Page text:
The accounting process involves various methods of adjusting financial information so that it reflects your company's activity as realistically as possible. Depreciation, such as 200 DB, is one such method that allows accountants to add a fractional part of a large, expensive asset's cost to their profit and loss statement over a span of years. This serves to spread the expense of the asset over time instead of having a very large expense in one year.
How Depreciation Works
Instead of a company showing a $120,000 equipment expense all in one year, for example, the expense is shown over the five-year life of the equipment, as determined by the IRS. This helps offset an appropriate amount of the expense against revenue over the equipment's useful life, in keeping with the revenue-and-expense-matching-principle. The matching principle says that revenue earned in a given time period should be offset against the expenses incurred to generate the revenue from that same time period. If the $120,000 equipment has a five-year life, then one-fifth of it gets depreciated each year as an expense that reduces whatever revenue it helped generate in that year. This method of depreciation, where the cost of an asset gets divided and depreciated evenly over its useful life, is known as straight-line depreciation.
What is 200 DB?
The expression 200 DB stands for 200 percent declining balance, also known as double-declining-balance depreciation (DDB). This type of depreciation differs from the standard, straight-line depreciation in a few ways. Companies have the option to accelerate the depreciation of an equipment expense, which helps lower profits to reduce income taxes. For example, a $120,000 piece of equipment with a five-year life would still be depreciated over five years with DDB depreciation, but the amounts would be significantly larger in the first few years.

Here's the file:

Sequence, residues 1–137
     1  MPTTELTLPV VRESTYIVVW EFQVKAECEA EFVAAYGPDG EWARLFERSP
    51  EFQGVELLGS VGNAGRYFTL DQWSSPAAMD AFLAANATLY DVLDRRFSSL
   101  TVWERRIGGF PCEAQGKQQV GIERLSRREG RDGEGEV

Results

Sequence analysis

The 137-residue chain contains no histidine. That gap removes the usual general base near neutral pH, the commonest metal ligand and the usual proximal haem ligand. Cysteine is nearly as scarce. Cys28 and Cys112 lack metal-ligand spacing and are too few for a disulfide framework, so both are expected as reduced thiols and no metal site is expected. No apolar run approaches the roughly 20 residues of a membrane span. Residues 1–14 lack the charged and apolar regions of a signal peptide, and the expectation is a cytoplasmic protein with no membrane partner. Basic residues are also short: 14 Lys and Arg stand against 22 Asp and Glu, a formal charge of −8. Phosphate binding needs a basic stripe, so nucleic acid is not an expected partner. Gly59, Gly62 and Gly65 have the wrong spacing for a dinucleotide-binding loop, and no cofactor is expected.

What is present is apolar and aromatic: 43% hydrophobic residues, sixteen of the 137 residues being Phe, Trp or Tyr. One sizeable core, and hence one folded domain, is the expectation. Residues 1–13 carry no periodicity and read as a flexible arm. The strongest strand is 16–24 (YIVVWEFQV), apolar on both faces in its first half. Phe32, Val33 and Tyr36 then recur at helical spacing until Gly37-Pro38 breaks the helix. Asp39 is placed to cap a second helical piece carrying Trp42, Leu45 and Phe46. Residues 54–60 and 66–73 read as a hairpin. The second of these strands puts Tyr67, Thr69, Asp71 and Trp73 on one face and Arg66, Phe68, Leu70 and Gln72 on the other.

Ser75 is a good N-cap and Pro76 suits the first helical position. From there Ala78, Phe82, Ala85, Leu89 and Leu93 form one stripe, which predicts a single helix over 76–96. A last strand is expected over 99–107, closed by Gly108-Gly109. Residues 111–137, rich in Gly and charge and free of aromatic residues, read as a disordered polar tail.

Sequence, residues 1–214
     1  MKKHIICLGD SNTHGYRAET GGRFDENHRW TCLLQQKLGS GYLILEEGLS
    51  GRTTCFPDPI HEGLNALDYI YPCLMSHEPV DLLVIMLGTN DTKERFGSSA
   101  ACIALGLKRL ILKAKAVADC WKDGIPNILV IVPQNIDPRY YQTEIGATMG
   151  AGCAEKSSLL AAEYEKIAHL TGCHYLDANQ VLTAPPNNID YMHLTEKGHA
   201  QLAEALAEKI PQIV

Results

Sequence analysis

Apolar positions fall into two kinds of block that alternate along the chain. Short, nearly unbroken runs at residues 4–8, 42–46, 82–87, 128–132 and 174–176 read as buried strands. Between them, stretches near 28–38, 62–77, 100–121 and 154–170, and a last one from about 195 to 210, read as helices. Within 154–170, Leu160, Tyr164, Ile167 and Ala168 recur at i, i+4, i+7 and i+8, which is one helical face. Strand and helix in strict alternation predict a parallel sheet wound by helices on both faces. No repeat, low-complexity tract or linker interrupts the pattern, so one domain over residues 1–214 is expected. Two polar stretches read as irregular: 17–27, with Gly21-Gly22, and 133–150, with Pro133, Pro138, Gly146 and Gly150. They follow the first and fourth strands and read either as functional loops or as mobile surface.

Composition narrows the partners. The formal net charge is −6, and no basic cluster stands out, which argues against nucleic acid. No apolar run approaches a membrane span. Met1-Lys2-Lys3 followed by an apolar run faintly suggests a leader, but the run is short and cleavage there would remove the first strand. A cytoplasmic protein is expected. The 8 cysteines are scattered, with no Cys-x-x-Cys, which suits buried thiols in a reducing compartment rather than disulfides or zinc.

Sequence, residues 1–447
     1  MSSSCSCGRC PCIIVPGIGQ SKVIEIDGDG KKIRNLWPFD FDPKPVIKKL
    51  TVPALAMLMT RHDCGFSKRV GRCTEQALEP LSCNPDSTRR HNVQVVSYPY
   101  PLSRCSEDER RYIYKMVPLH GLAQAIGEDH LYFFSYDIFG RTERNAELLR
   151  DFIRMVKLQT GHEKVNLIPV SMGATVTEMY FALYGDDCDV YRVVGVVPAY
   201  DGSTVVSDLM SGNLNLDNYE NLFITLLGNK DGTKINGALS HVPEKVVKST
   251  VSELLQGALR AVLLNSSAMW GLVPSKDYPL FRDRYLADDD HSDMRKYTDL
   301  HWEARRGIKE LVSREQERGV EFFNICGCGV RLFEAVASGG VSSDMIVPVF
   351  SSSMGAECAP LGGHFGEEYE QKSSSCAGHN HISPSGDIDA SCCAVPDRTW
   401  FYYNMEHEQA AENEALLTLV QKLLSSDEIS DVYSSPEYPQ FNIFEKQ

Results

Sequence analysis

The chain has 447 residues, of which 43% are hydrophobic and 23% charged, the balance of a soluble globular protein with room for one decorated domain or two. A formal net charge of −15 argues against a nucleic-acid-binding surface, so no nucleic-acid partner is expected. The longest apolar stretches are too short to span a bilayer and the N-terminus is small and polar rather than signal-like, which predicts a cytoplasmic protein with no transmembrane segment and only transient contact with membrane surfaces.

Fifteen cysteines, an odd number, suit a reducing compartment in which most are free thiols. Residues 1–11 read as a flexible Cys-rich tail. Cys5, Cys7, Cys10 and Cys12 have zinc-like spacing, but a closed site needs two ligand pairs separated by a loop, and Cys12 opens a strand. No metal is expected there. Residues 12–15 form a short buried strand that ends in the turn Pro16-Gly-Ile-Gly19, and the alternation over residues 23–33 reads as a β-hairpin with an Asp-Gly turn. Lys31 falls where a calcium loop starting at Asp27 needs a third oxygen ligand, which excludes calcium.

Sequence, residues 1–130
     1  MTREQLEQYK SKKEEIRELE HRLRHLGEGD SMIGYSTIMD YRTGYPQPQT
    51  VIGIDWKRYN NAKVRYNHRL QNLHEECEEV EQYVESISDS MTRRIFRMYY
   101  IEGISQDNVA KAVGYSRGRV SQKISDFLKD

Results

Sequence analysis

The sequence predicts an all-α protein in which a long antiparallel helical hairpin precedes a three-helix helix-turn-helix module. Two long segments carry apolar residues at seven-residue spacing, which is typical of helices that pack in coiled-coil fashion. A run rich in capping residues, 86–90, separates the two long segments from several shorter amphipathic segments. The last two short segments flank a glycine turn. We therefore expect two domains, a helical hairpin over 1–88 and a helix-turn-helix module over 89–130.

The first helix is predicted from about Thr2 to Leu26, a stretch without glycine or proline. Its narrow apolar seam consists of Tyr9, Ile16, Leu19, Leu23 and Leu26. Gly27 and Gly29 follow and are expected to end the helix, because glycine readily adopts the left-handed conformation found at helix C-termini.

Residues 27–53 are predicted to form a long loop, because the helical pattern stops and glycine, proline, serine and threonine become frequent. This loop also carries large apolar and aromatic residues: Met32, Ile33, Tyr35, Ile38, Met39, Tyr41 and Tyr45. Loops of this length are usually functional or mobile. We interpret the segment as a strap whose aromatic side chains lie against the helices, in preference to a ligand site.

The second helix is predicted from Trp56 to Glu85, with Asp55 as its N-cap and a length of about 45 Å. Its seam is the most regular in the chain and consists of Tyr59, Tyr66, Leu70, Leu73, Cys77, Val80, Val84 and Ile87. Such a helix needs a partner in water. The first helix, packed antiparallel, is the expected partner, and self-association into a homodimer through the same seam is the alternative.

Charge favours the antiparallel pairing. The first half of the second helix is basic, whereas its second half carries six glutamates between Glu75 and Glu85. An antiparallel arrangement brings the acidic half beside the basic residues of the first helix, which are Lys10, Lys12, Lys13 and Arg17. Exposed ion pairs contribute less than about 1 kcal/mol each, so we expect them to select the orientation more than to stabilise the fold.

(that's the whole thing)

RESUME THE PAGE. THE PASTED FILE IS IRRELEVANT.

Even though various assets have a predetermined useful life for depreciation purposes, at times the asset still has some value remaining at the end of its useful life. This value, known as salvage value, is typically the amount the company expects it can sell the asset for at the end of its useful life. When calculating straight-line depreciation, you can only depreciate the amount of the asset's original cost, minus its salvage value. So, for a $120,000 machine with a salvage value of $20,000 after five years, you would use $100,000 for your straight-line depreciation calculation. On the other hand, DDB depreciation works differently: you would start with the asset's full value, $120,000, and apply your annual calculation to depreciate the asset until its remaining book value equals its $20,000 salvage value.
How to Calculate
The DDB depreciation calculation uses straight-line depreciation as its starting point. For this example, we will assume the asset has zero salvage value at the end of its life.
Straight-line depreciation = Initial equipment cost ÷ useful life
For example: $120,000 equipment cost ÷ 5 year useful life = $24,000 annual depreciation
Since the asset has a useful life of five years, one-fifth or 20 percent of its value gets depreciated each year.
For the DDB depreciation calculation, first multiply the straight-line depreciation percentage by two to find the percentage of the asset you can depreciate in each period:
Straight-line depreciation percentage x 2 = (1 ÷ 5-year life) x 2 = 40 percent
The application of the 40 percent DDB depreciation works differently than straight-line depreciation. In this scenario, you would still depreciate your asset over five years. In the first depreciation year, you would take 40 percent of your asset's value as depreciation. However, the next year you would depreciate 40 percent of the asset's remaining balance, and repeat this process until the remaining value of your asset equals its salvage value or zero if the asset has no salvage value.
Cynthia Gaffney has spent over 20 years in finance with experience in valuation, corporate financial planning, mergers & acquisitions consulting and small business ownership. She has worked as a financial writer and editor for several online finance and small business publications since 2011, including AZCentral.com's Small Business section, The Balance.com, Chron.com's Small Business section, and LegalBeagle.com. A Southern California native, Cynthia received her Bachelor of Science degree in finance and business economics from USC.